Apollo Mission Lunar Rock Samples Reveal the Moon is Much Older Than We Thought

The analysis of samples collected during NASA’s Apollo missions has pushed the Moon’s age back by 100 million years.

On 21 July 1969, humankind took its first steps on another celestial body as we walked on the surface of the moon.

In their few hours on the lunar surface, the crew of Apollo 11 collected and brought back to Earth 21.55 kg of lunar rock samples.

Now, 50 years later, these samples are still teaching us about important events of the early solar system and the history of the Earth-Moon system. Discovering the age of the Moon is also important to understand how and at which time the Earth formed, and how it evolved at the very start of the solar system.

Now,  a new study led by Earth scientists at the University of Cologne’s Institute of Geology and Mineralogy has discovered the age of the Moon to be approximately 50 million years after the formation of the solar system. In other words, after our solar system formed, around 4.56 billion years ago, Earth’s Moon formed approximately 4.51 billion years ago.

Buzz Aldrin's footprint on the moon. Shutterstock.

This means that the moon is way older than what we initially thought.

An earlier study estimated that the Moon formed approximately 150 million years after the formation of the solar system and not 50 million years later, as this investigation concludes.

To find out how old the moon really is scientists analyzed the chemical composition of a wide range of samples collected during NASA’s Apollo missions. This study focuses on the chemical signatures of different types of lunar samples collected by the different Apollo missions.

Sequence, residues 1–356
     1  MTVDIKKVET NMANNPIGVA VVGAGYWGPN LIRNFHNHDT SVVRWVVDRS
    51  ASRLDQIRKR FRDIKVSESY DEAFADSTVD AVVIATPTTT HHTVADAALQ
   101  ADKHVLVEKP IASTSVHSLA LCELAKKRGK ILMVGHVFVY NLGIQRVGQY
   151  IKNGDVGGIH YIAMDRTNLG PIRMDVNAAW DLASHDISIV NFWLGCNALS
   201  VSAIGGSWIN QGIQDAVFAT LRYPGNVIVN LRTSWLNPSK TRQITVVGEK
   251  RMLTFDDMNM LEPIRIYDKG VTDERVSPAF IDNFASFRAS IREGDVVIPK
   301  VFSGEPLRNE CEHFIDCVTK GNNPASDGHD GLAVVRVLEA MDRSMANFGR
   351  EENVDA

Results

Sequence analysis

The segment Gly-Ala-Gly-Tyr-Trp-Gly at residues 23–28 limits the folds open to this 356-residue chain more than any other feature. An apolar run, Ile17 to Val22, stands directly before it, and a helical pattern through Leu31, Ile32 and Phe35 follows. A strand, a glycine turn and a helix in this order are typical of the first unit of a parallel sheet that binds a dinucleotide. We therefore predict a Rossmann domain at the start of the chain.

“By comparing the relative amounts of different elements in rocks that formed at different times, it is possible to learn how each sample is related to the lunar interior and the solidification of the magma ocean,” explained Dr. Raúl Fonseca from the University of Cologne.

Scientists argue that Earth’s Moon most likely formed after a giant collision between a planetary body the size of Mars and the primitive Earth.

Over time, the Moon grew from the cloud of material that accumulated in Earth’s orbit.

The newborn moon was covered by an ocean of magma, which formed different types of rocks when it cooled.

“These rocks recorded information about the formation of the Moon, and can still be found today on the lunar surface,” reveals Dr. Maxwell Thiemens, former University of Cologne researcher and lead author of the study.

“Such observations are not possible on Earth anymore, as our planet has been geologically active over time. The Moon thus provides a unique opportunity to study planetary evolution,” added Dr. Peter Sprung, co-author of the study.

Science Daily
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